Jurisdictional limits of the Energy Charter Treaty and its interplay with related treaties and arbitration rules: the notion of investor
MetadataShow full item record
The boom of bilateral investment treaties and trade agreements came with an increasing number of disputes between investors and states related to actions and omissions of states in respect of the protection of investors and their investments. These instruments made a significant contribution to the development and implementation of an economic and legal framework for the promotion and safeguard of investors and investments. They also played an important part in and improved the access of investors to dispute resolution mechanisms – and, in particular, to arbitration – for the protection of their investments. In this vast network of treaties and agreements aspiring to offer investors proper conditions for a stable and predictable investment environment, the Energy Charter Treaty (ECT) stands out as a unique multilateral treaty aimed at facilitating transactions and investments in the energy field. The ECT came to life soon after the fall of the communist regimes across Europe and the dissolution of the Soviet Union, and it was motivated by the desire of the Western European states to secure their access to the much needed natural resources of the Eastern countries. This Thesis undertakes the challenging task of clarifying the notion of ‘Investor’ within the ECT’s framework and its related treaties and arbitration rules. The notion of ‘Investor’ is essential for the substantive and procedural protection of Investors and their Investments. Although the ECT provides for a definition of Investor, the notion of ‘Investor’ goes beyond this definition: it is shaped not only by the provisions of the ECT, but also by the related treaties and rules under the Investor–Contracting Party dispute resolution mechanism. It is also fundamental for the understanding of the notion of ‘Investor’ to consider it as it naturally interacts with the concepts of ‘Contracting Party’ and ‘Investment’. The notion of ‘Investor’ has two essential characteristics: it is challenging to assign it with a precise definition – any attempt to define this notion will not comprehensively encompass all its features; and it is a flexible notion, tailored to suit the treaties and rules interacting with the ECT. The intrinsic complexity of the notion of ‘Investor’ is amplified by web of provisions of the ECT, not always comprehensible and straightforward. The speed of the ECT’s negotiation was the determinant factor that contributed to the entry into force of the ECT, but also led to a compromise treaty. In this context, it is mandatory that the proper interpretation and analysis of the notion of ‘Investor’ be made in the light of the rules of treaty interpretation of the Vienna Convention on the Law of Treaties.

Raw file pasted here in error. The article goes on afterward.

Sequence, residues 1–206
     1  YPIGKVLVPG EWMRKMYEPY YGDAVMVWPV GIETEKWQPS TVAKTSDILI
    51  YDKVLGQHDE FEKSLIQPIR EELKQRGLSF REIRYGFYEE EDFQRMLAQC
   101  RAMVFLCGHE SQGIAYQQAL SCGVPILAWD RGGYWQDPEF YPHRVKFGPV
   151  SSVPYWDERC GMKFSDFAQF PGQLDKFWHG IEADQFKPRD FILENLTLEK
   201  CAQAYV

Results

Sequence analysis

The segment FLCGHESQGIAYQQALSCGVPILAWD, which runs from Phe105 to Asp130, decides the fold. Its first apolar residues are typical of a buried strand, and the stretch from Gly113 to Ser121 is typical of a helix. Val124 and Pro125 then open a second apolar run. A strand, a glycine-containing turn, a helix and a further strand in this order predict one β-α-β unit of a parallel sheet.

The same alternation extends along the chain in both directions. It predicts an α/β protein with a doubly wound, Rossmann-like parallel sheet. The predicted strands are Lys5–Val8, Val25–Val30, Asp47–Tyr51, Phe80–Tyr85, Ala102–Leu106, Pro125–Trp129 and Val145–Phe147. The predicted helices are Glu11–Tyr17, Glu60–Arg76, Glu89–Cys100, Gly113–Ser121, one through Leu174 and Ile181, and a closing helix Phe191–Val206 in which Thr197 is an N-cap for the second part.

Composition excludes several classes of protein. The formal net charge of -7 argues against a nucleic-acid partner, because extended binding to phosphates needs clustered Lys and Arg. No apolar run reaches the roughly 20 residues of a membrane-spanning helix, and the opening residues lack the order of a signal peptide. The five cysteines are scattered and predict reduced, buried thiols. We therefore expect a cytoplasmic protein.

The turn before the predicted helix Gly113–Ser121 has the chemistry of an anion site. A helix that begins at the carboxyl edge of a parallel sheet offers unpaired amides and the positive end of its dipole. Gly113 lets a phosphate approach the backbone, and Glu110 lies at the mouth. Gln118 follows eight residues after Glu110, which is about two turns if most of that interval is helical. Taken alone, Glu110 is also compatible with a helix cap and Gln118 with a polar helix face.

AuthorsBaltag, Crina Mihaela
- Theses